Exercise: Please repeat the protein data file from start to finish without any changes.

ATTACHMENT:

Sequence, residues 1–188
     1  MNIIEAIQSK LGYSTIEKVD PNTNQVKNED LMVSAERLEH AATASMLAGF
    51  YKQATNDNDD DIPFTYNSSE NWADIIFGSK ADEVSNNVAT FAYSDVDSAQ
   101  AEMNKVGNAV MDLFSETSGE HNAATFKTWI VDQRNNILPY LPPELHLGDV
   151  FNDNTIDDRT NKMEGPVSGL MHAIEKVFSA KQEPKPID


Sequence, residues 1–188
     1  MNIIEAIQSK LGYSTIEKVD PNTNQVKNED LMVSAERLEH AATASMLAGF
    51  YKQATNDNDD DIPFTYNSSE NWADIIFGSK ADEVSNNVAT FAYSDVDSAQ
   101  AEMNKVGNAV MDLFSETSGE HNAATFKTWI VDQRNNILPY LPPELHLGDV
   151  FNDNTIDDRT NKMEGPVSGL MHAIEKVFSA KQEPKPID